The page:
But the Doctor's never really liked that word, has he? And so he sided with the Thara, driving the humans onto the Heligan Structure. Those he helped to banish have never forgotten the affront, even building a statue of their bow-tied nemesis in a monument to holding onto grievances. His younger self seems to be unimpressed upon his first glimpse of it, though:
"There is a certain resemblance. Two ears, two ears, one nose- I suppose you could call that a nose? And its true that I've changed a bit over the years. But I'm certain I've never looked like that."
His later self's bow tie also comes in for a little scorn, perhaps a senior moment for the Doctor as he seems to have conveniently forgotten that he also wore one just two selves ago from his point of view.
"I mean, he's wearing a bow tie! Ridiculous objects! I wouldn't be seen dead in a bow tie!"

But neck adornment or no neck adornment, he does manage to save the day- resetting Sprawn's deliberate chemical imbalance & returning the spores to their proper, more peaceable nature. Which in turn allows them to break free & make more of themselves to create a veritable galactic forest, similar to its real world- equivalent.

A visit to which comes heartily recommended, especially after the magnificent job done in restoring the gardens back to something like their best! Here's the story as told by those involved in it:
"At the end of the nineteenth century its thousand acres were at their zenith, but only a few years later bramble and ivy were already drawing a green veil over this “Sleeping Beauty”. After decades of neglect, the devastating hurricane of 1990 should have consigned the Lost Gardens of Heligan to a footnote in history.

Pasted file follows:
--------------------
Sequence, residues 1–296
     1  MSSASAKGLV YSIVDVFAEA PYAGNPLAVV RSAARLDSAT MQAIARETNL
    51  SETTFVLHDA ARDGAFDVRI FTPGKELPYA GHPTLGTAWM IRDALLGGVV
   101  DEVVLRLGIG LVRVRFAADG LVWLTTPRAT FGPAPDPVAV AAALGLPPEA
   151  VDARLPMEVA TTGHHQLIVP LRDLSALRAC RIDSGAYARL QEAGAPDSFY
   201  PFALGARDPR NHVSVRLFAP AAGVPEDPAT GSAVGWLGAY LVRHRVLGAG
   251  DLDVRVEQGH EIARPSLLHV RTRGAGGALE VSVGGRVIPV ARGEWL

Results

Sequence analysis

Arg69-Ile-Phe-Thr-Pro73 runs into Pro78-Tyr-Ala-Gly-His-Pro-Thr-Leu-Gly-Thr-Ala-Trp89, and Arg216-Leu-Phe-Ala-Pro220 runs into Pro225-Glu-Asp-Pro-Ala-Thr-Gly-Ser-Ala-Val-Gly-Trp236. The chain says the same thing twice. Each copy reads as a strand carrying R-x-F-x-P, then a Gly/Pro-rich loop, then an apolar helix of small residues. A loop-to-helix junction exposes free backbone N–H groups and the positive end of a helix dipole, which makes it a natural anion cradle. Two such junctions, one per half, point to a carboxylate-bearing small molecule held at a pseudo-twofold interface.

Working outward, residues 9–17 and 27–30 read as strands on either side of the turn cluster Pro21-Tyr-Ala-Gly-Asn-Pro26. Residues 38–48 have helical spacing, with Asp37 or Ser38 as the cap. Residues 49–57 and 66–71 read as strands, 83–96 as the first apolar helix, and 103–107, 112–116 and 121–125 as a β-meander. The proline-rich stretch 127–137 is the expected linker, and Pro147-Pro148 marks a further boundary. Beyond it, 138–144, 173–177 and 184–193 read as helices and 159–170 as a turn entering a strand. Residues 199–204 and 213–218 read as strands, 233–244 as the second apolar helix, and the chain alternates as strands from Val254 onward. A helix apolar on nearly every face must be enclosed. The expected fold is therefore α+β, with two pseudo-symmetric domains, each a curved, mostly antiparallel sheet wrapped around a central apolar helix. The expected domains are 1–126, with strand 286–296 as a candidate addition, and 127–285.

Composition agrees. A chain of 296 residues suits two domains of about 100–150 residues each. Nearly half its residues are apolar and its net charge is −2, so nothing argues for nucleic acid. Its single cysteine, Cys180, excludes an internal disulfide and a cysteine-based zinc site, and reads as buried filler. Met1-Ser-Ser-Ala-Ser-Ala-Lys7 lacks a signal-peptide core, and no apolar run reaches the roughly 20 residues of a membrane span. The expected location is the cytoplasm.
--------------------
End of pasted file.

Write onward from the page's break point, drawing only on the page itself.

Instead, events conspired to bring us here and the romance of their decay took a hold on our imaginations. Our discovery of a tiny room, buried under fallen masonry in the corner of one of the walled gardens, was to unlock the secret of their demise. A motto etched into the limestone walls in barely legible pencil still reads “Don’t come here to sleep or slumber” with the names of those who worked there signed under the date – August 1914.

We were fired by a magnificent obsession to bring these once glorious gardens back to life in every sense and to tell, for the first time, not tales of lords and ladies but of those “ordinary” people who had made these gardens great, before departing for the Great War.

We have now established a large working team with its own vision for our third decade. The award-winning garden restoration is already internationally acclaimed; but our lease now extends into well over 300 acres of the Wider Estate, leaving the project far from complete.

We intend Heligan to remain a living and working example of the best of past practice, offering public access into the heart of what we do.

Our contemporary focus is to work with nature, accepting and respecting it and protecting and enhancing the variety of habitats with which our project is endowed."

If all this has inspired you to make a visit, see for a comprehensive guide. At least wait until the weather perks up, mind, or you might need a scarf yourself!